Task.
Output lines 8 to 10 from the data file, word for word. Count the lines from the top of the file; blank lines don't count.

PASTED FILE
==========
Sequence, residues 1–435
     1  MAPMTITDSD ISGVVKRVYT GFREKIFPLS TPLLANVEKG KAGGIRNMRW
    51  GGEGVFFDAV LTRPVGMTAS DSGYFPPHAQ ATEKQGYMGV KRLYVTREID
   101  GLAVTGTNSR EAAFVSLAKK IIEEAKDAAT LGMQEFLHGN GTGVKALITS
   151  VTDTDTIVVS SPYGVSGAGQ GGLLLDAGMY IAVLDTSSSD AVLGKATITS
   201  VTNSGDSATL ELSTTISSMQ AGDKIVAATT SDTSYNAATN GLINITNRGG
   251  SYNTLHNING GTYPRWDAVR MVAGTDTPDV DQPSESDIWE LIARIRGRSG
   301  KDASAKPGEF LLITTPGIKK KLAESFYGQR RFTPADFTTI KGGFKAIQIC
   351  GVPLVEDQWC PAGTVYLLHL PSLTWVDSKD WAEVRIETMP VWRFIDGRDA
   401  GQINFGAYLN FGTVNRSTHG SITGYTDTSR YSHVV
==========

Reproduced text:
   301  KDASAKPGEF LLITTPGIKK KLAESFYGQR RFTPADFTTI KGGFKAIQIC
   351  GVPLVEDQWC PAGTVYLLHL PSLTWVDSKD WAEVRIETMP VWRFIDGRDA
   401  GQINFGAYLN FGTVNRSTHG SITGYTDTSR YSHVV